Shelter by Lawrence Jackson book cover

Shelter: A Black Tale of Homeland, Baltimore by Lawrence Jackson (Graywolf Press, April 19)

Protection is a treatise in essays on real estate, paternity, and race. Jackson returned to his childhood town of Baltimore after landing a job at Johns Hopkins. His new neighborhood has been shaped by racial alliances and is mostly white. In the book, he describes what this move as a black man was like, while also exploring his own past and the history of Baltimore.

Finding Me by Viola Davis book cover

Finding Me: A Memoir by Viola Davis (HarperOne, April 26)

Find me tells the life story of Viola Davis from her childhood in Rhode Island to her time on the stage in New York City and her success in film. It’s an honest and personal story about overcoming adversity and finding your purpose and voice. It is also an inspiring call for readers to find their own sources of creativity and courage.

Linea Nigra by Jazmina Barrera book cover

Linea Nigra: An Essay on Pregnancy and Earthquakes by Jazmina Barrera, translated by Christina MacSweeney (Two Lines Press, May 3)

linea nigra is an intimate, philosophical meditation on pregnancy and motherhood. The book is broad-based, bringing earthquakes, plants, animals, books, and more into the discussion. Barrera, known for her previous book On lighthouses (also translated by Christina MacSweeney), calls for a new canon of literature on pregnancy and the body.

Ill Feelings by Alice Hattrick book cover

Ill Feelings by Alice Hattrick (Feminist Press, May 10)

sick feelings tells the story of Hattrick’s mother’s struggle with pneumonia and chronic fatigue syndrome, followed by Alice’s own illness. Alice appeared to have the same illness as her mother, but with no physical cause. The book combines memoir, medical history, biography and more to explore Alice and her mother’s illnesses, as well as the afflictions of famous women in literature, art and history.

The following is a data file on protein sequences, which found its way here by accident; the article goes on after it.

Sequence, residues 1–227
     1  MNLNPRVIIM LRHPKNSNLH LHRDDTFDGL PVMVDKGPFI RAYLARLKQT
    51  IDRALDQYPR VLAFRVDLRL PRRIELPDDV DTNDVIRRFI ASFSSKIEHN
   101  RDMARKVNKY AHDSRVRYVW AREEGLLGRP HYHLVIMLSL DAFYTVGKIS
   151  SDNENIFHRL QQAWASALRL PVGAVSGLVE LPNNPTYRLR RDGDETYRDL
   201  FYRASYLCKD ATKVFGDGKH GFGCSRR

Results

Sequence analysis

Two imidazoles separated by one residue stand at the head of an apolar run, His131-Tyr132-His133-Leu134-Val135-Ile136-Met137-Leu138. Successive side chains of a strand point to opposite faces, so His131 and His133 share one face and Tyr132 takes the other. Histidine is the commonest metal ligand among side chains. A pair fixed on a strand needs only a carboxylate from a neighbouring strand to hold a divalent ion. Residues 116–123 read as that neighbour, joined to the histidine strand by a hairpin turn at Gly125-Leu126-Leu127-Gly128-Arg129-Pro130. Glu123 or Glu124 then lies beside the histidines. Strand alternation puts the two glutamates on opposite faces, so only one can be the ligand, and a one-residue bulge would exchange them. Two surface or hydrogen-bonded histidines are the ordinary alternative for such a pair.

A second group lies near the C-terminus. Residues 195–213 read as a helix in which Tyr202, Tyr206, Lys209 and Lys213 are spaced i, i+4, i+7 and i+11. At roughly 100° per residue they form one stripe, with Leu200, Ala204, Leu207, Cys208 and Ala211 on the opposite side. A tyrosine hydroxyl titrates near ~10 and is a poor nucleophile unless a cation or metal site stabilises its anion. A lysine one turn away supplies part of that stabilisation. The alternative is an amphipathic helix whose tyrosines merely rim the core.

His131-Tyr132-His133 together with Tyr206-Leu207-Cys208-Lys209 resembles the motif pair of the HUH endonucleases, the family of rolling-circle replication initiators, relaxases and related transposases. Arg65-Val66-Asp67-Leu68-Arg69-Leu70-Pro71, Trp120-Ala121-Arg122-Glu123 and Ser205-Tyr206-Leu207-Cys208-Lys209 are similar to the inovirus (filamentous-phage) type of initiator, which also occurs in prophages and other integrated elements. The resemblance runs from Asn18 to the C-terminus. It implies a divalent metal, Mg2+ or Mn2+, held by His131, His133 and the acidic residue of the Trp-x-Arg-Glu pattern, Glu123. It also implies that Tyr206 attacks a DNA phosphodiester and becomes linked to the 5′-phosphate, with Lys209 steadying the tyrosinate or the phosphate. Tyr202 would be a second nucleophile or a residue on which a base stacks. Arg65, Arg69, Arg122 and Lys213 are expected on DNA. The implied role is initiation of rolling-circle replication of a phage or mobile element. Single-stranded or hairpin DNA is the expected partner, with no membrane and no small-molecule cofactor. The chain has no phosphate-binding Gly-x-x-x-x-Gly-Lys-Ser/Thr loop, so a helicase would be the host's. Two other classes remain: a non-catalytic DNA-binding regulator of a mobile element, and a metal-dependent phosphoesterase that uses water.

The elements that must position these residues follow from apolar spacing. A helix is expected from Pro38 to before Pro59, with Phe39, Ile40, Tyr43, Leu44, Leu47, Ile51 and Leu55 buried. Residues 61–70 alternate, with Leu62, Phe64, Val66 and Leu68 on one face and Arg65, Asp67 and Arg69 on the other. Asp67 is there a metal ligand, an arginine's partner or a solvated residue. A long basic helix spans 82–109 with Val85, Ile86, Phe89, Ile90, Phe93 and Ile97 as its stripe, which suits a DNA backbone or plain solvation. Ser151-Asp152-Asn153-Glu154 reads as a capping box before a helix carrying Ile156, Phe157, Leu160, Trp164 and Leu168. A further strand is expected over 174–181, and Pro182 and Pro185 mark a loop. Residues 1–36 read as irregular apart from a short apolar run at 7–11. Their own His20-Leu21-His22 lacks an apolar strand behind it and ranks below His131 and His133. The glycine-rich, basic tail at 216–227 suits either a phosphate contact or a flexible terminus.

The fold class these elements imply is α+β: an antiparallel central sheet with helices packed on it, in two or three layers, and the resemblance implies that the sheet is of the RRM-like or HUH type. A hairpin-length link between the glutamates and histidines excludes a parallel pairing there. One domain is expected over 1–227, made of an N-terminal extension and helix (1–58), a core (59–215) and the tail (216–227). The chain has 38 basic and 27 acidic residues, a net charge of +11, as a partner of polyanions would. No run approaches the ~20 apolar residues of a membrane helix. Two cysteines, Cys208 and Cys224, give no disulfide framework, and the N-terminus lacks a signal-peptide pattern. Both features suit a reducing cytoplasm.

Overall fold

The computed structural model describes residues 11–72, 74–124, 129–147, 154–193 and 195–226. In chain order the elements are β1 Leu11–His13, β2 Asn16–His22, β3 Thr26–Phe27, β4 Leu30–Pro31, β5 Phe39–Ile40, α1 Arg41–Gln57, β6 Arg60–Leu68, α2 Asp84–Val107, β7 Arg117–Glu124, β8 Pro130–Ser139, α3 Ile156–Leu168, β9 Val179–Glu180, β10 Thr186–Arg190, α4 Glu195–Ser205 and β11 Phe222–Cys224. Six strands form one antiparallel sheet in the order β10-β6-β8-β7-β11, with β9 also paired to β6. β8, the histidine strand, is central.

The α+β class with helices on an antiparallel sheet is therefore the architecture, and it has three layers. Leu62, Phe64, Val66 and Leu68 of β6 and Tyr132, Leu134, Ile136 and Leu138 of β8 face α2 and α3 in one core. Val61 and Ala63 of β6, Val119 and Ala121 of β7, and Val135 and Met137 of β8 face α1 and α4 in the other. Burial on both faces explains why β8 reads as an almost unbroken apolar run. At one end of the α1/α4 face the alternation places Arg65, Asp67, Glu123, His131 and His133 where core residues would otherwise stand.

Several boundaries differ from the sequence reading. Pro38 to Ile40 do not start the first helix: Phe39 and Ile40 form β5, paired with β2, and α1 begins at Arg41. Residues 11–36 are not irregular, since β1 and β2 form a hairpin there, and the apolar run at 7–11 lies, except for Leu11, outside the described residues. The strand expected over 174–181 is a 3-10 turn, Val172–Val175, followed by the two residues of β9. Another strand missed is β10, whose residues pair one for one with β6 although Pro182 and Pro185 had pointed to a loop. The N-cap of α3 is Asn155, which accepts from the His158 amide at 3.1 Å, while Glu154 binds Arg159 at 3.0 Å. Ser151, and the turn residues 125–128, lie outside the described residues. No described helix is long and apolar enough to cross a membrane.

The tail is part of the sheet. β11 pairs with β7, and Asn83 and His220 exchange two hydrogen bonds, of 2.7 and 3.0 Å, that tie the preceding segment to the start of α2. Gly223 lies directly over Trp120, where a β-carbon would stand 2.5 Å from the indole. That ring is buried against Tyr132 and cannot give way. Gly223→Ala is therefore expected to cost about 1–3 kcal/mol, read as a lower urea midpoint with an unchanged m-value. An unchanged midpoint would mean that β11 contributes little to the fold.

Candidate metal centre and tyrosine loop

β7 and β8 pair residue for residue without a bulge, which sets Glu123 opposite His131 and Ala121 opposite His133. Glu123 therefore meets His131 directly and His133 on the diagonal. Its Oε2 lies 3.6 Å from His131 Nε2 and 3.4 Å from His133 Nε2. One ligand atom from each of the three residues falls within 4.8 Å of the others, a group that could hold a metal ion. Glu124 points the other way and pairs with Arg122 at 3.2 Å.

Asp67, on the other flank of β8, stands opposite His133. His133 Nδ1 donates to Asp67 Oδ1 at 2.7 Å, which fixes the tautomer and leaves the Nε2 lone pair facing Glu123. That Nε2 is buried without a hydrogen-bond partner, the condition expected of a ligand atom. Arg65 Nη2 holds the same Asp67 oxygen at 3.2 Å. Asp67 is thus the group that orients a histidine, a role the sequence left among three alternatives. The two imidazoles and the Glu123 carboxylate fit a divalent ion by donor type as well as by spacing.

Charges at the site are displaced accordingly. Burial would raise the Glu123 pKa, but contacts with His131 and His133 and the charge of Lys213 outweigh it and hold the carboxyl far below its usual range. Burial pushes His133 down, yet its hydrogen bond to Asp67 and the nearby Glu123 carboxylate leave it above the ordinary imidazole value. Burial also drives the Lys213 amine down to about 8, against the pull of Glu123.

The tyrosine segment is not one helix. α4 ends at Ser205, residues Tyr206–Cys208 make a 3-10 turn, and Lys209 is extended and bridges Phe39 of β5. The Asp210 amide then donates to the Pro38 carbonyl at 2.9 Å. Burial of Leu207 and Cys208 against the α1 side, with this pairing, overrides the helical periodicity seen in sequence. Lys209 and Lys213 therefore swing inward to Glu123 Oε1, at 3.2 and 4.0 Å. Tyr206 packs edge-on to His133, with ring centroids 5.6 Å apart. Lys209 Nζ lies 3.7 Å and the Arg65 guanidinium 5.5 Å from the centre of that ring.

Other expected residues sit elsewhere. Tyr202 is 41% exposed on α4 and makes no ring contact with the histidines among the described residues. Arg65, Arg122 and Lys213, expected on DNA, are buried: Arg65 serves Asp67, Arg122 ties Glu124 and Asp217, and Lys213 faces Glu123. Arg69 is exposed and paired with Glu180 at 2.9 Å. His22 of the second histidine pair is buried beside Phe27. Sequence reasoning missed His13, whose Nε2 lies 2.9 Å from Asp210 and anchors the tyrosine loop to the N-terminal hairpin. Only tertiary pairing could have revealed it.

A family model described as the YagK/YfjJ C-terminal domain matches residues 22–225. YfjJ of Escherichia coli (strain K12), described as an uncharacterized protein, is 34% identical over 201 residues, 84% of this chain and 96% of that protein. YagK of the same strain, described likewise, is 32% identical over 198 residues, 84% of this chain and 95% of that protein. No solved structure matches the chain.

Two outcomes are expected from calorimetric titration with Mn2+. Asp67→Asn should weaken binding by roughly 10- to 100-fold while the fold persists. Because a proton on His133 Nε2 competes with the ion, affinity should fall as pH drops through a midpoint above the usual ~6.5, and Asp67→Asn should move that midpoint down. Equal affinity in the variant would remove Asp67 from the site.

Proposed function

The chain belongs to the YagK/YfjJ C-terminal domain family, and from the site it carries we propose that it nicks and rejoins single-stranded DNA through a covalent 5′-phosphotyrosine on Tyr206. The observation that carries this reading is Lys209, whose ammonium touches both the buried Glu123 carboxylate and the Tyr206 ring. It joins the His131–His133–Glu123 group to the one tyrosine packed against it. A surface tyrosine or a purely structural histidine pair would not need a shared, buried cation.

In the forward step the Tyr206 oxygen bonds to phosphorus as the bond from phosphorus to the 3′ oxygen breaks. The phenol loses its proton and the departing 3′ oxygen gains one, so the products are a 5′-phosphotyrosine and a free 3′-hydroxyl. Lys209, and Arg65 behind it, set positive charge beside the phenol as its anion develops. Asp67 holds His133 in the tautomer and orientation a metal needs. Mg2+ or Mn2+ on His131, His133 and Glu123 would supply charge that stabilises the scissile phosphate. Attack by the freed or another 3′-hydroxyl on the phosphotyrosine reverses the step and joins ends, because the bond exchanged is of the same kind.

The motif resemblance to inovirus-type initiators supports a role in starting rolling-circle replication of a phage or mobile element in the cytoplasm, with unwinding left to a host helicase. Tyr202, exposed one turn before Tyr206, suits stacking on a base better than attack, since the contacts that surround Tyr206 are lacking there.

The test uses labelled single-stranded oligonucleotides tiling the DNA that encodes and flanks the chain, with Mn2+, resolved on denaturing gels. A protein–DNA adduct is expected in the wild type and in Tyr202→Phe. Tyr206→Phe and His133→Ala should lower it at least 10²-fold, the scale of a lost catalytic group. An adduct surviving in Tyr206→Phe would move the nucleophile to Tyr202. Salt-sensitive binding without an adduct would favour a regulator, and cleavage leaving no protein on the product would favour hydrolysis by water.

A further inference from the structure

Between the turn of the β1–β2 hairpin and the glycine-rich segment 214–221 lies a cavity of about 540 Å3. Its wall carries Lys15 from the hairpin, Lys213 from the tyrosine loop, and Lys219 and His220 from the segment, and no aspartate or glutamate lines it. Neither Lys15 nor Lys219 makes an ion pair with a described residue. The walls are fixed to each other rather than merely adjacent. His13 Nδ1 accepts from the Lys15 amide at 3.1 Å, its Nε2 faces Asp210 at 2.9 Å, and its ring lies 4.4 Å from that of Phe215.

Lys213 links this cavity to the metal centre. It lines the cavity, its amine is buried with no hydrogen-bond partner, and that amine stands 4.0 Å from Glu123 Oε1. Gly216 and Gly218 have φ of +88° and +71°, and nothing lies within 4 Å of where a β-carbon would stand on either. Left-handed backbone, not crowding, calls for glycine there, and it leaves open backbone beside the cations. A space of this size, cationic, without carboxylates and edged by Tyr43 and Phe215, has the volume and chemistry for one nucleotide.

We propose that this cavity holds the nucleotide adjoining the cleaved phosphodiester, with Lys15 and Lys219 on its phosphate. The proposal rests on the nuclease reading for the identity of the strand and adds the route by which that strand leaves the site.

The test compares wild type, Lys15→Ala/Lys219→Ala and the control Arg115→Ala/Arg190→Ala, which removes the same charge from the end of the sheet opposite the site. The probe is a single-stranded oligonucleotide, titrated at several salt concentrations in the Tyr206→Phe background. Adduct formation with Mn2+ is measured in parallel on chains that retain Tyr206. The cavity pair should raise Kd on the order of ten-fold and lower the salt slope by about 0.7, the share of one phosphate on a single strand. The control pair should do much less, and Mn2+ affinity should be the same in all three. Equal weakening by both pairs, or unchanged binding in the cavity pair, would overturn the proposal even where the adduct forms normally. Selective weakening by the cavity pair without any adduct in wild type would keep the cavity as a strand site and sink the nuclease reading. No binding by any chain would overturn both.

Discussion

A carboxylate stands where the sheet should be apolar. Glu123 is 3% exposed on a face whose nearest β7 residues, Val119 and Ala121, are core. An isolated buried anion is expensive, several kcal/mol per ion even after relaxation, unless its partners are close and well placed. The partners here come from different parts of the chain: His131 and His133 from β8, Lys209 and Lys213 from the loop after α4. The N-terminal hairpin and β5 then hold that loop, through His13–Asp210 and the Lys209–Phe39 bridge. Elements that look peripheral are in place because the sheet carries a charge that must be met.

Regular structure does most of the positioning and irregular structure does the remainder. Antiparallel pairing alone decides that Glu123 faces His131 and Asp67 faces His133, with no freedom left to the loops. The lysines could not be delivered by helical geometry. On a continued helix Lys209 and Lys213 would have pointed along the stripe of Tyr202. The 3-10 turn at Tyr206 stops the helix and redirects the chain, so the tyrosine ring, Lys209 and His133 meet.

Essential Labor by Angela Garbes book cover

Essential Labour: Mothering as Social Change by Angela Garbes (Harper Wave, May 10)

essential work is a much-needed look at how little support our society offers to mothers, despite the fact that motherhood’s labor is essential. Garbes uses research and personal experience to examine cultural assumptions about the value of caregiving and work. She offers her perspective as a first-generation Filipino American and shows how this experience impacts her understanding of the work of motherhood and its potential to influence social change.

Ma and Me by Putsata Reang book cover

Ma and Me: A Memoir by Putsata Reang (MCD May 17)

Putsata Reang’s family fled Cambodia when she was 11 months old. Reang barely survived the trip. mom and me is a reminder of Reang’s efforts to live up to her mother’s high expectations for a daughter. Reang also described what happened to their relationship when she came out as gay and married a woman. Her book takes an in-depth look at cultural trauma and family debt.

Embrace Fearless the Burning World by Barry Lopez Cover

Fearlessly Embrace the Burning World: Essays by Barry Lopez (Random House, May 24)

This collection of essays brings together some new and some old work in honor of the great environmental writer Barry Lopez, who died on Christmas Day 2020. The pieces include memories, stories, reports and meditations on landscapes. This includes travelogues and reflections on Lopez’ teachers. It’s a book about the importance of staying present on earth for the beauty all around us.

Looking for more non-fiction books? Book Riot is here for you. You can check out 20 of the best nonfiction books of the decade, or maybe 50 of the best nonfiction books of the last 100 years. You can listen to our non-fiction podcast, For real, and find more articles than you can imagine in our nonfiction category. Happy reading!